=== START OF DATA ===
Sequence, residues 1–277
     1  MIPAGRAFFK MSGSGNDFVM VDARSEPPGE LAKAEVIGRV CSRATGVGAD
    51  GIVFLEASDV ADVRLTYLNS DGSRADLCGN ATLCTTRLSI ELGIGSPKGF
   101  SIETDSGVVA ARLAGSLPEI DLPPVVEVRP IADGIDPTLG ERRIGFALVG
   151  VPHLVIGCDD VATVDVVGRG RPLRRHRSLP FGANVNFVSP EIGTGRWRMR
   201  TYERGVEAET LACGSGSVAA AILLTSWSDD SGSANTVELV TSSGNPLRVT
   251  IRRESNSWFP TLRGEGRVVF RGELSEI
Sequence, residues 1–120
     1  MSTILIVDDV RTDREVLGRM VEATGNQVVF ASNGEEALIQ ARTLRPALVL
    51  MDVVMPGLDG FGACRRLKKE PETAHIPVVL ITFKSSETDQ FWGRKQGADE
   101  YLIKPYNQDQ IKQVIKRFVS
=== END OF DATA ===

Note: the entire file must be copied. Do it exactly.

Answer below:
Sequence, residues 1–277
     1  MIPAGRAFFK MSGSGNDFVM VDARSEPPGE LAKAEVIGRV CSRATGVGAD
    51  GIVFLEASDV ADVRLTYLNS DGSRADLCGN ATLCTTRLSI ELGIGSPKGF
   101  SIETDSGVVA ARLAGSLPEI DLPPVVEVRP IADGIDPTLG ERRIGFALVG
   151  VPHLVIGCDD VATVDVVGRG RPLRRHRSLP FGANVNFVSP EIGTGRWRMR
   201  TYERGVEAET LACGSGSVAA AILLTSWSDD SGSANTVELV TSSGNPLRVT
   251  IRRESNSWFP TLRGEGRVVF RGELSEI
Sequence, residues 1–120
     1  MSTILIVDDV RTDREVLGRM VEATGNQVVF ASNGEEALIQ ARTLRPALVL
    51  MDVVMPGLDG FGACRRLKKE PETAHIPVVL ITFKSSETDQ FWGRKQGADE
   101  YLIKPYNQDQ IKQVIKRFVS